Over the last 10 years in NSW, almost 100 children under the age of 5 have tragically lost their lives to drowning, making drowning one of the leading causes of preventable death in the 0-4 age group. Backyard swimming pools are the number one location for toddler drownings in Australia with 78% occurring as a result of falls into water. Royal Life Saving Society NSW is committed to preventing toddler drownings and therefore urges parents/carers Keep Watch to ensure your child’s safety.
Keep Watch consists of 4 simple steps designed to ensure your child is kept safe when in, on or around water.
- RESTRICT ACCESS
- WATER AWARENESS
All Of Your Attention, All Of The Time
Active supervision means focusing all of your attention on your children all of the time, when they are in, on or around the water. Supervision is not an occasional glance while you are busy with other activities, but being in constant visual contact with your child.
Depending on your child’s age, you may even need to be in the water and within arms’ reach at all times. For older children, be ready to enter the water in case of an emergency.
Never leave an older child responsible for supervising a younger sibling.
Around The Water Or Around The Child
Restricting a child’s access to water is an effective way of preventing drowning. This includes restricting your child’s ability to access any body of water including backyard swimming pools, spas, buckets, bath tubs, dams, tanks, fish ponds, inflatable pools etc.
Restricting access to these areas can be done through placing a barrier around the water i.e. through a properly installed fence that self-closes and self-latches, using secure pool/spa/tank covers, placing mesh on water features and fish ponds and lids on nappy buckets. Note: Inflatable pools over a depth of 300mm need to be fenced by law.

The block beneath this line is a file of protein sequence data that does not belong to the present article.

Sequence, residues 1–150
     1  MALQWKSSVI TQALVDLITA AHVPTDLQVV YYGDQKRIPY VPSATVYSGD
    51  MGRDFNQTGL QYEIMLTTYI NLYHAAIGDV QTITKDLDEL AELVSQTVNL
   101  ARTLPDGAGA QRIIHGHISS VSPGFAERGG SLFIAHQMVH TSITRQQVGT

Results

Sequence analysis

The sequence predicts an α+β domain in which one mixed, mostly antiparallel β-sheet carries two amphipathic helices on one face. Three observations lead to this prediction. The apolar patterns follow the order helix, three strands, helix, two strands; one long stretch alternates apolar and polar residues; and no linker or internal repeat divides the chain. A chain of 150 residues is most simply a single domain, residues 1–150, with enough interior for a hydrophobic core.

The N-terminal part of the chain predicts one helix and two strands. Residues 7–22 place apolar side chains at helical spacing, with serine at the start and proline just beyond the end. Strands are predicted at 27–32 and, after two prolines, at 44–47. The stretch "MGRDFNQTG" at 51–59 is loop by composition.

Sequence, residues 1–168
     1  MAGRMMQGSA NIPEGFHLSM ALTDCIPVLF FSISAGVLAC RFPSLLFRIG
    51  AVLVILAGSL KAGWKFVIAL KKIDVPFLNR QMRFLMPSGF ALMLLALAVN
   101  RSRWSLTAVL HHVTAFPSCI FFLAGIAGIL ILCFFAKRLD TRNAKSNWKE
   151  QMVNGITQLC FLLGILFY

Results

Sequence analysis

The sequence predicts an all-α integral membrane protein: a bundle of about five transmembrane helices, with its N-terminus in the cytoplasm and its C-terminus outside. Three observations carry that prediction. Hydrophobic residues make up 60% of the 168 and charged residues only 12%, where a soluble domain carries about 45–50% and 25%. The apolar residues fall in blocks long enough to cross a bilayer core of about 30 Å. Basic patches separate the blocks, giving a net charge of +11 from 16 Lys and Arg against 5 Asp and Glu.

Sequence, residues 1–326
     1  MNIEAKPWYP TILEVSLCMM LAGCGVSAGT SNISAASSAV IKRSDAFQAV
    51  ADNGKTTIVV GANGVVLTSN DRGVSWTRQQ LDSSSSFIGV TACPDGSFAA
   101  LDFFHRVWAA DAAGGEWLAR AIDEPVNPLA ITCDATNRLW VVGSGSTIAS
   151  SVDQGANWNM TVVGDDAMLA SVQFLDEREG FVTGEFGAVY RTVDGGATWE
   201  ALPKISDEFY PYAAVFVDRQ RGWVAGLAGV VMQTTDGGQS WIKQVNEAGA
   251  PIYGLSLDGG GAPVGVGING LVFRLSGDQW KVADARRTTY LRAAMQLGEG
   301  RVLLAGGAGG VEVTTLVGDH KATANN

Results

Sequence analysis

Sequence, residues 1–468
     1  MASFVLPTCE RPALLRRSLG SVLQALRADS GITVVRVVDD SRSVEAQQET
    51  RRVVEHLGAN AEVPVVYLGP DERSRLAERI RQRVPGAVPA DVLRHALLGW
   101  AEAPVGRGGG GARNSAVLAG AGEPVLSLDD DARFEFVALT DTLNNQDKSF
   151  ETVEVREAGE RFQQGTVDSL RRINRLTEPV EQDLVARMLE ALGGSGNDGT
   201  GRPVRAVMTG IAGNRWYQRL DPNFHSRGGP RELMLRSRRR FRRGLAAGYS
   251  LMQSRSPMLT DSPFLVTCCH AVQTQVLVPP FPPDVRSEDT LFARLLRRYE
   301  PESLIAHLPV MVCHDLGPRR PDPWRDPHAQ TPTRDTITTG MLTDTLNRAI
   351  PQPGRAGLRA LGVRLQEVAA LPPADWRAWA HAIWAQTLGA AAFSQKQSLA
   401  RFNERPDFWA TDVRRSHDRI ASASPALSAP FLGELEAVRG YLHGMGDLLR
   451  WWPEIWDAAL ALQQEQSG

Alternatively, placing a barrier around the child can also be effective on larger properties such as farms. This may take the form of a Child Safe Play Area that can be used inside or outside the home.
Building Familiarity And Confidence
Water familiarisation, checking for and removing water hazards, setting rules around water and discussing water safety with your child are just some of the simple steps you can take to help increase your child’s water awareness.
Bath time can be a great time for water awareness. Let your child feel, experience and play with water. When visiting new aquatic locations you can examine these together with your child and discuss any safety issues and rules for that location with your child.
Classes, such as Royal Life Saving’s Swim and Survive Wonder Program, focus on the gradual introduction of very basic skills for children aged 6 to 36 months like moving in the water, getting the face wet and blowing bubbles. The next step is the Courage program which teaches water confidence to children aged 3 to 5 years, followed by learn to swim classes from the age of 5.
Everyone Can Be A Lifesaver
A family member is the first person on the scene in most emergency situations. In fact many children are alive today because their parents knew how to perform CPR and responded quickly. Having the skills to respond in an emergency situation can mean the difference between life and death. Resuscitation or Cardio Pulmonary Resuscitation (CPR) involves stimulating the heart and breathing air into the lungs to preserve or restore life.
Royal Life Saving NSW encourages everyone to learn resuscitation skills and become a community life saver.
To date Royal Life Saving has developed a range of programs targeted at locations with specific aquatic hazards:
Drowning can occur quickly and silently. Always KEEP WATCH to prevent your child from drowning.